Contempt of court is a court order which in the context of a court trial or hearing, declares a person or organization to have disobeyed or been disrespectful of the court's authority. Often referred to simply as "contempt," such as a person "held in contempt," it is the judge's strongest power to impose sanctions for acts which disrupt the court's normal process.
A finding of contempt of court may result from a failure to obey a lawful order of a court, showing disrespect for the judge, disruption of the proceedings through poor behaviour, or publication of material deemed likely to jeopardize a fair trial. A judge may impose sanctions such as a fine or jail for someone found guilty of contempt of court. Judges in common law systems usually have more extensive power to declare someone in contempt than judges in civil law systems. The client or person must be proven to be guilty before he/she will be punished.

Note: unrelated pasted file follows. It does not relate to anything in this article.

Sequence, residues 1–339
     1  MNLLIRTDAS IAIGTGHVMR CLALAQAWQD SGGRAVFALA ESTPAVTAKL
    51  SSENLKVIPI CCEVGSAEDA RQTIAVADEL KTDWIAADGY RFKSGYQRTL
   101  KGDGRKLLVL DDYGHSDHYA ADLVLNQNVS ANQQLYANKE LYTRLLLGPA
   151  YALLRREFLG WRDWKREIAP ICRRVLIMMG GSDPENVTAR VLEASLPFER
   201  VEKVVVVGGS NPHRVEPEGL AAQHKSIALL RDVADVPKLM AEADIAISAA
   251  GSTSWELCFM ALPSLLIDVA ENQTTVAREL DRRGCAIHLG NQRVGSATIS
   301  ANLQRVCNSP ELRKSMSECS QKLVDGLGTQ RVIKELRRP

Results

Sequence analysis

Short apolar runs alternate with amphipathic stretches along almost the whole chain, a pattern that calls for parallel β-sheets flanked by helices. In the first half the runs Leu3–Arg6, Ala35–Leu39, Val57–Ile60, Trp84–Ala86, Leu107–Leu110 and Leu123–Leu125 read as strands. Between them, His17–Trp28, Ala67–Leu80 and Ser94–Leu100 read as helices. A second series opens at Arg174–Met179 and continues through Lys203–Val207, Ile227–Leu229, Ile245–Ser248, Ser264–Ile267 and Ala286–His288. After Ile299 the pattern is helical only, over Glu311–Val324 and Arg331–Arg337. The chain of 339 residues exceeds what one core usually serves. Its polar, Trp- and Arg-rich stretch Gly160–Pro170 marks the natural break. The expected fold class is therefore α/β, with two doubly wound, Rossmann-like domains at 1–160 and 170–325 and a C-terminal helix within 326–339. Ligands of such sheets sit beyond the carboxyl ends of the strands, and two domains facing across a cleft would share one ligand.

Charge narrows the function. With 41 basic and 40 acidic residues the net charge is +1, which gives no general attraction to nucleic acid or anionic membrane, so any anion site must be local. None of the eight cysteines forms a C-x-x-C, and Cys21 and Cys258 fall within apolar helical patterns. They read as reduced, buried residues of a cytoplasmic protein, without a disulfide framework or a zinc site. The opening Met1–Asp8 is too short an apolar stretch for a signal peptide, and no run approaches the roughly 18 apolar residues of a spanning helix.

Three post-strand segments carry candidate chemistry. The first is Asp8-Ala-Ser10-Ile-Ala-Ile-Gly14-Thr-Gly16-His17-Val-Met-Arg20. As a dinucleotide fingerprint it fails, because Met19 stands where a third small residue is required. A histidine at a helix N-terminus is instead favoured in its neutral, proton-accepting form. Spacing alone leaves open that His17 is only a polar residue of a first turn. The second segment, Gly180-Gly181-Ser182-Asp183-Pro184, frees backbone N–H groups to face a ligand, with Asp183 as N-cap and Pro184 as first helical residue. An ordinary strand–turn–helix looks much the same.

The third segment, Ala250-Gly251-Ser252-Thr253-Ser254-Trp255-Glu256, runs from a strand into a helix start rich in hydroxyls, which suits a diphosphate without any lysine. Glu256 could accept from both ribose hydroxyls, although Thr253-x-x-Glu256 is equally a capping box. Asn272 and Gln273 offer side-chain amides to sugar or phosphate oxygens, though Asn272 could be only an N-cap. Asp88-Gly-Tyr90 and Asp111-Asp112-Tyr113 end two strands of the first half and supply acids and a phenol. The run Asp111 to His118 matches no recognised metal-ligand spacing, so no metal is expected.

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Legal definition of 'Contempt of Court" means it is a court order handed down by a judge during a court trial or hearing that deems an individual to have been disrespectful of the court, its powers, and legal process, and it invested powers. Often referred to as "contempt" or "held in contempt" is followed by a judge imposing sanctions against the individual who did not obey a court order or disrupted a court process during session.
The following are reasons for being held in contempt of court...
1. Being disrespectful to judge
2. Not obeying a lawful court order handed down by a judge.
3. Disruption of legal proceedings by poor behavior.
4. Publication of material that can jeopardize someone
getting a fair trial.